We assume technologies reliant on radio frequency radiation are safe simply because regulators approve them, governments accordingly sanction them, the market promotes them, consumers embrace them, even our education sector encourages their use in classrooms to enhance student learning. Yet ample scientific evidence demonstrates otherwise. Artificially produced pulsed microwaves emitted from our cell phones, i-pads, wifi routers, ‘smart meters’, wireless baby monitors, DECT portable phones, cell towers and antennas, when communicating, have the capacity to penetrate through glass, metal, concrete and stone. With ease they penetrate the cells of all living organisms, no matter what genus or species. Dr. Andrew Goldsworthy, retired cell biologist from London’s Imperial College, believes the pulsed microwave frequency used in cellular and WiFi technologies are biologically the most harmful on the non-ionising electromagnetic spectrum.

His findings are backed by a substantial body of peer reviewed scientific research documenting causal links from exposure to electromagnetic radiation at levels well below ‘heating effect’ resulting in damage to plant tissue, animals including humans and insects. Evidence of harmful effects include:

  • DNA fragmentation
  • Leakage of the selectively permeable Blood Brain Barrier
  • Removal of structurally important calcium ions
  • Loss of fertility
  • Insomnia
  • Cognitive impairment, learning difficulties
  • Electro hypersensitivity in humans

Due to industry and consumer demand finding escape from RF exposure is becoming increasingly difficult, even those who chose not to have wireless routers or wireless smart meters in their house may be covered by their neighours’ wireless emissions. These constant exposures to numerous often overlapping sources of radio frequency radiation pervading the environment are considered both cumulative and synergetic in their negative effects on living organisms.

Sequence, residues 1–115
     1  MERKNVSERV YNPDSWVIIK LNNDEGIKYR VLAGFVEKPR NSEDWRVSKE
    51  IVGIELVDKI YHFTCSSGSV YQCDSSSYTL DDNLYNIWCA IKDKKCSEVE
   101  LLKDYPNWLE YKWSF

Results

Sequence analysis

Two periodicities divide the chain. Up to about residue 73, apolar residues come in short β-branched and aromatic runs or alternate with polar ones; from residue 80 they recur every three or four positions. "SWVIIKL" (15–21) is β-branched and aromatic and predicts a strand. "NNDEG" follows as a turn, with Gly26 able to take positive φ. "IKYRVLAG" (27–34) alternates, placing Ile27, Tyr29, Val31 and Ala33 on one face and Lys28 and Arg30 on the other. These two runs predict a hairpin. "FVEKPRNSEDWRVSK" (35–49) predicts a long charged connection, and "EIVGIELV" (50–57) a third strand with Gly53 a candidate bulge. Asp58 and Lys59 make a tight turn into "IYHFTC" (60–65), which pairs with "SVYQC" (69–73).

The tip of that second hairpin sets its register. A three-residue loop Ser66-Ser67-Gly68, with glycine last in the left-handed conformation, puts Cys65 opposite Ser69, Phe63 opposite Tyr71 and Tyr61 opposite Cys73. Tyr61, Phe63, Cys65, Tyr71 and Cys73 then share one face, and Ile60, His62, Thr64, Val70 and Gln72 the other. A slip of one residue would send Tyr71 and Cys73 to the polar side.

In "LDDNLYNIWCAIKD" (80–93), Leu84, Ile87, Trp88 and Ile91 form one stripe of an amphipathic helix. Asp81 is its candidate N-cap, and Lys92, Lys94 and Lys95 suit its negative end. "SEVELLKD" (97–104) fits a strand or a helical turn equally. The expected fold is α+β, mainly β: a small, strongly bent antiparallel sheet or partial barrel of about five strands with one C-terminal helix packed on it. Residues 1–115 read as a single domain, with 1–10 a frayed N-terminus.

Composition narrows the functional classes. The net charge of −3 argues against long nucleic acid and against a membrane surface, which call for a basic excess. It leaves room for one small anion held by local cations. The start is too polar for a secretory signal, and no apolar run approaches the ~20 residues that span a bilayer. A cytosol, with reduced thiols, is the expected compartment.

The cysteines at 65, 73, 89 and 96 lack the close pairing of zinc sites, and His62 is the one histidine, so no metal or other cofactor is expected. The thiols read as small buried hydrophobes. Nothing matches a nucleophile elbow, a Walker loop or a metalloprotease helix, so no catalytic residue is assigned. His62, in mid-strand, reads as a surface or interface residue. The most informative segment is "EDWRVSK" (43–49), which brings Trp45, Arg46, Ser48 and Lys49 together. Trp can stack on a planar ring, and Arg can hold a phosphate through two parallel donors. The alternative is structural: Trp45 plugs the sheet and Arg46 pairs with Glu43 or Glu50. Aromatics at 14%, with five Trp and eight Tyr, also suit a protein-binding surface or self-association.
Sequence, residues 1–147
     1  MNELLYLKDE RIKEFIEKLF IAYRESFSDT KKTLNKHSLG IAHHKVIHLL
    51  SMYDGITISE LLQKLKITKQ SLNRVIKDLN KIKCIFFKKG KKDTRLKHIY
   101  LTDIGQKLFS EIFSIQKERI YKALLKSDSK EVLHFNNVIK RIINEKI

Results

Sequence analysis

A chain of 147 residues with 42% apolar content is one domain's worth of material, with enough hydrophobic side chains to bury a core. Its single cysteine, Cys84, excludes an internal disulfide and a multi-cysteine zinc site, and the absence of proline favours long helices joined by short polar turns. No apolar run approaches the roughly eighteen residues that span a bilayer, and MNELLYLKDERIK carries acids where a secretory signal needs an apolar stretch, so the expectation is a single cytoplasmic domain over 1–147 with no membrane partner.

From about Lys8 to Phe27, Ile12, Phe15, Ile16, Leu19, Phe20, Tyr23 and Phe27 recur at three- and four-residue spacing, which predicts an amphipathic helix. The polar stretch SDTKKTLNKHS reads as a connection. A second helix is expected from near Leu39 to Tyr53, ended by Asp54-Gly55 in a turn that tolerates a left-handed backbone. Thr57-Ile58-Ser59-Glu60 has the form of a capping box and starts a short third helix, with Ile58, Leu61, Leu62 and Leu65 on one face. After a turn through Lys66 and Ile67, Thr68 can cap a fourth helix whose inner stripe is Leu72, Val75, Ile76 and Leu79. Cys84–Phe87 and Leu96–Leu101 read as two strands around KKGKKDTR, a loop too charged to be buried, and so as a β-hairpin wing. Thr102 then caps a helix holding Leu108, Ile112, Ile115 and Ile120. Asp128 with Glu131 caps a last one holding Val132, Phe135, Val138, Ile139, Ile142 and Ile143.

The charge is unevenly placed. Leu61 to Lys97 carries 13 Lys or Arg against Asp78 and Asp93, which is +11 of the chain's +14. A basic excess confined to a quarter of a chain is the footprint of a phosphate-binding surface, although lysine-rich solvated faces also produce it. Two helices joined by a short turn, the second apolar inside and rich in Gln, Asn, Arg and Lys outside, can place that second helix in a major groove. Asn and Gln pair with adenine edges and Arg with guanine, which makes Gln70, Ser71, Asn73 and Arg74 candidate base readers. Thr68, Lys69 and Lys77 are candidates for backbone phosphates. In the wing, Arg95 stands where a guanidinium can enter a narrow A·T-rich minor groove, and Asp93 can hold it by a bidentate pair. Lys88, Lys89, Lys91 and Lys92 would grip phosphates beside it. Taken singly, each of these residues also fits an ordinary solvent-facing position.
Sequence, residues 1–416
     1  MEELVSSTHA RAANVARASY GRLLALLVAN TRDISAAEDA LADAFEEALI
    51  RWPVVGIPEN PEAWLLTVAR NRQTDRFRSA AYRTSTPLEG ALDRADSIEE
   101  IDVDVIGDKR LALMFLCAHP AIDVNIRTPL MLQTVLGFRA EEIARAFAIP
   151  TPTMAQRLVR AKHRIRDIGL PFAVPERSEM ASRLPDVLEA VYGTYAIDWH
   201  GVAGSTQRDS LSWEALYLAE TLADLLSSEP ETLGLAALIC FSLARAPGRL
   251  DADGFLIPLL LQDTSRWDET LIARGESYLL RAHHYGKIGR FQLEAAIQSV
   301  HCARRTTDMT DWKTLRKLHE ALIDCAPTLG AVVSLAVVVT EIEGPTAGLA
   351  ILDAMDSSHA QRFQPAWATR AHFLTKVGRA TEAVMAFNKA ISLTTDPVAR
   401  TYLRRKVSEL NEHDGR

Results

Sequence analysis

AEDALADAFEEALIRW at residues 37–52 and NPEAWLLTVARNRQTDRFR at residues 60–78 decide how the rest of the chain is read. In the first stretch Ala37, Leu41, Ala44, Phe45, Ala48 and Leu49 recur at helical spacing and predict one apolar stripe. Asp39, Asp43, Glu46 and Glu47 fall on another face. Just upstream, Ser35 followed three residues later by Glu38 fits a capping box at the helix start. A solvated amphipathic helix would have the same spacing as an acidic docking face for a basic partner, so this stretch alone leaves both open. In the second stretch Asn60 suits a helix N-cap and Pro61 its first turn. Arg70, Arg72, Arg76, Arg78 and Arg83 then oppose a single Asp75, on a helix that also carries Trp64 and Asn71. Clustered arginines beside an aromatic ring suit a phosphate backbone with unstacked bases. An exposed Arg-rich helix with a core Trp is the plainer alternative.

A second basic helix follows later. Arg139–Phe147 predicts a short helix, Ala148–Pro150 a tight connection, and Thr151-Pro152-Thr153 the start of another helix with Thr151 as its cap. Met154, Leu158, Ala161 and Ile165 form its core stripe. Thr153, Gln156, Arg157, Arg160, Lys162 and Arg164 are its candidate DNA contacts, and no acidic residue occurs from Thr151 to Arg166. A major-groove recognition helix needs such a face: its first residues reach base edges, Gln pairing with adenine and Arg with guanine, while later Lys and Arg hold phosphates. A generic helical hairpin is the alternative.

In the wake of numerous international resolutions and repeals by hundreds of physicians and scientists demanding safer electromagnetic frequency standards, the European Parliament in 2009 voted with overwhelming majority a ‘for stricter regulation and protection for residents and consumers.’ Fifty-five years ago Russia adopted non-thermal safety measures. Since then China, Poland, Japan, Italy, Switzerland and Argentina have opted for more conservative limits than those of the ICNIRP.

We, individually and as a community, our industries, businesses, government agencies and regulatory bodies, need to re-examine our use of wireless technologies. Let’s take a precautionary approach and adopt more conservative radio frequency standards. At an individual level, let us opt for cabled internet as opposed to WiFi internet, use a landline in first preference to a cell phone.

As Christians, we are called to be socially and politically relevant and environmentally responsible. The health of our planet and its future inhabitants come before lucrative economic growth, jobs, technological advances and huge corporate profits. There is enough disturbing scientific evidence documenting how these non-ionising frequencies are capable of harming life in myriad ways. Let’s begin today by minimising our use of wireless technologies.

Annie Gastinger is a writer from Christchurch. For further information on this topic she highly recommends these books: Overpowered, by Dr. Martin Blank (2014) and Electronic Silent Spring, by Katie Singer (2014)